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DomainInformer Editor's Desk

.anything is the next big challenge

Derek Iwasiuk
July 22, 2008


Probably, you have already heard of the ICANN’s decision to dramatically relax the rules on top-level domain names and thus allowing billion of new web addresses to become available over time. The decision was met controversially: ones viewed it as a landmark while others were not very impressed.

Some analysts claim that top-level domain names are becoming almost irrelevant and therefore the domains wouldn’t matter any more. This position is supported by the assertion that through the usage of any of the major search engines people can find the respective domain name and if they like it, they could bookmark it. "Social network pages are the domain names of Web 2.0," said Tim Hickernell, associate lead research analyst with Info-Tech Research Group.

In contrast, others believe that the new Great Gold Rush for domains is on the way.

 

The new policy will impact businesses and individuals in some key areas:

1. It is expected to see big companies, entrepreneurs and other groups applying for what are likely to be the most popular generic names. There will be plenty of competition especially for extension like .shopping, .hotels and so on and so forth because once the company has gained a top-level domain, it’ll be able to sell an almost infinite number of web addresses under it and generate revenue. The bidding for domains will begin at $100,000.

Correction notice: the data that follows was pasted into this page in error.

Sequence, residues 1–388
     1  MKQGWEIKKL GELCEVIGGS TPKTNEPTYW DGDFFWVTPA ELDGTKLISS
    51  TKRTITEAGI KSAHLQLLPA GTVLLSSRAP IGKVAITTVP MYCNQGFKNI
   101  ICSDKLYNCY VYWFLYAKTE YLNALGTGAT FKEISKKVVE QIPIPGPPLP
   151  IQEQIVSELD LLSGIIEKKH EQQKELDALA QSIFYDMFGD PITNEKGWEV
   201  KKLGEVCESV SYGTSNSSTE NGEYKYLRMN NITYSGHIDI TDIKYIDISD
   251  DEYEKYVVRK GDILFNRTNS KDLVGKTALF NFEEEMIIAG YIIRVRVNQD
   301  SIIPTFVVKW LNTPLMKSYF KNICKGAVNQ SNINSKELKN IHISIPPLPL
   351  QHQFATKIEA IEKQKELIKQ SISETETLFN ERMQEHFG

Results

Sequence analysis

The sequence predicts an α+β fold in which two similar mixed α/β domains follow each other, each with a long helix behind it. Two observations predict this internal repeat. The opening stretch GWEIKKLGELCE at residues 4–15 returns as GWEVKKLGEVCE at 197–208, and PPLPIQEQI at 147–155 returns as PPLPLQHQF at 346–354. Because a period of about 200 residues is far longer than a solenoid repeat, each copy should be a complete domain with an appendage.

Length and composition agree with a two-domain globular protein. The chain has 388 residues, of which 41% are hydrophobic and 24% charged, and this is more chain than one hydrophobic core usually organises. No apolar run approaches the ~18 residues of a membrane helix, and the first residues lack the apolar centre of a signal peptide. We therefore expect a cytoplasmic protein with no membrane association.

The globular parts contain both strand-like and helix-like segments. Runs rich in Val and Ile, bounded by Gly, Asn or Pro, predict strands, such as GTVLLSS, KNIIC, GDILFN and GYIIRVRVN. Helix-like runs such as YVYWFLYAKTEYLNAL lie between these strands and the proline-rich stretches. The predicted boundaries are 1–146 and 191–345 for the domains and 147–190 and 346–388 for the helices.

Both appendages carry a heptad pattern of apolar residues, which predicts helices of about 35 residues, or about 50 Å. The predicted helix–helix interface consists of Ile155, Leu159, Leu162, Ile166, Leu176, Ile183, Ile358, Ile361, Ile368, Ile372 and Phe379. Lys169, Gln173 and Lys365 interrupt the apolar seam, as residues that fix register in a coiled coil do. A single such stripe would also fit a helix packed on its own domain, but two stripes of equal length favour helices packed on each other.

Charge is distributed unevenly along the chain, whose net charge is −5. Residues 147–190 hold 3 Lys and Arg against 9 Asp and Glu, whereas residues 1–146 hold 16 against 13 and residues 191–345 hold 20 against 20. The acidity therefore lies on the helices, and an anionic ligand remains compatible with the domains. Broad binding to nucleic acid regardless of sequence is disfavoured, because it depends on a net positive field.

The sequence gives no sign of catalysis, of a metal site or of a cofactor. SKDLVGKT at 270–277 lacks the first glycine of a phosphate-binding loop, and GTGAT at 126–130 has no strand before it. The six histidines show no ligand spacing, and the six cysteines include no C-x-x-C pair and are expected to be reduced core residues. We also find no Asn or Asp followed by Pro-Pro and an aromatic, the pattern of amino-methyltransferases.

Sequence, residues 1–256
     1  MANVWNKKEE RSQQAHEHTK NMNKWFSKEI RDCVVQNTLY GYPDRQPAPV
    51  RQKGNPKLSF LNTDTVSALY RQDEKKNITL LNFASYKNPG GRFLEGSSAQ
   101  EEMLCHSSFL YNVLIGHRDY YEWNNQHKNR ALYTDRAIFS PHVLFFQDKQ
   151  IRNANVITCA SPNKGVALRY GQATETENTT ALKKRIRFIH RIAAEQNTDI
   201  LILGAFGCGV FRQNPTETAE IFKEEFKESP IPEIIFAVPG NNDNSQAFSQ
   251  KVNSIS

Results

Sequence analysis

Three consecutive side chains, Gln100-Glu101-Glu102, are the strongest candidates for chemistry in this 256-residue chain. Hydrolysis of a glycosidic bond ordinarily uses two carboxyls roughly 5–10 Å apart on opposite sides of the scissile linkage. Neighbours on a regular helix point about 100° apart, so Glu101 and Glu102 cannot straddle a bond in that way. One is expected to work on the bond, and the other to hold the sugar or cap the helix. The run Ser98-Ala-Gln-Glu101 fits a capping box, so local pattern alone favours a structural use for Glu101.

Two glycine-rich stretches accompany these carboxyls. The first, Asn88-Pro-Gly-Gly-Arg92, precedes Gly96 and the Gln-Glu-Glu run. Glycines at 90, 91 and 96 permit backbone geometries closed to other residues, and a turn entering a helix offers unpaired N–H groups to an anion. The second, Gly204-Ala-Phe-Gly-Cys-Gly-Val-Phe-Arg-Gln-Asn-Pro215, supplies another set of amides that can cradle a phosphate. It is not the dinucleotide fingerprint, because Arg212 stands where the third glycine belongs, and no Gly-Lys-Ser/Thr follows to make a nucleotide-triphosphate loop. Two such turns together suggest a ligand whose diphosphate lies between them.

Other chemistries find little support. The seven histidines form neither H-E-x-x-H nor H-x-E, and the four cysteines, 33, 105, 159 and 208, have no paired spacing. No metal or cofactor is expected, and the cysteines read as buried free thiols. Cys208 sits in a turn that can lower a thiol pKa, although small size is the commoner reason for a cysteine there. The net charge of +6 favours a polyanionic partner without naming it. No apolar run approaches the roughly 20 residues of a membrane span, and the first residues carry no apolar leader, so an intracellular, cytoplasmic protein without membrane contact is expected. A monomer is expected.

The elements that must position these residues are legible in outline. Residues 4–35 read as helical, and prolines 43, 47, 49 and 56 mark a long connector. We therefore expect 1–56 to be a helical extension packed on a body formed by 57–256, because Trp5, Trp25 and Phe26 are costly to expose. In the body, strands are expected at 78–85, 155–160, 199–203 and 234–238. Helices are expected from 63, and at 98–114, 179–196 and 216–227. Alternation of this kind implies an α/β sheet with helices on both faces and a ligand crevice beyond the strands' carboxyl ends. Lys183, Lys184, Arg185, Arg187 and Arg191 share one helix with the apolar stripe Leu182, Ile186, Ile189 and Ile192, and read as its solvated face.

2. The domination of .com. .com is still the most valuable real estate. But what will happen if Google creates “.google” TLD renaming their other domains for example search.google or blog.google and leaves off the “.com” that has been used for years?

Gartner, the well known IT consulting company, has published a report on the new top level domains. They predict that classic extensions like ".com" will continue to dominate overwhelmingly in the marketplace while other experts assert that it is questionable.

3. The spreading of new TLDs will increase the number of defensive domain registrations. The businesses will have to decide whether they need to accomplish a defensive registration in order to prevent cybersquatting on their trademark.

4. Creation of a business’s own TLD, focused on its own brand. The brand recognition is the driving force behind the choice of new extensions and most probably the large-scale businesses will be the first to benefit. For instance, eBay could create an “.ebay” TLD, and use “newyork.ebay” (New York local auctions), “autos.ebay” (automobile auctions) and so forth. Businesses will need to decide if this approach will bring value to them. Undoubtedly, the big corporations would not have any problem adding such a domain because consumers are already familiar with their brands.

5. Increase in the number of trademark violations. How does ICANN expect to handle this?

6. Companies that make anti-spam software could face a new major filtering problem.

7. Domain registrars are preparing and looking forward to the new domain Gold Rush.

 

What all this would mean for Domainers?

1. Decrease the value of existing domains. Whether the www.newyorkrestorant.com will keep its value or www.restorant.newyork would prove to be more successful?

2. Change the traffic flow on the Internet: Internet browsers and search engines may give preference to other domain extensions. “Type in traffic” to .com for sure will underperform.

3. Attract new players to the domain industry.

 


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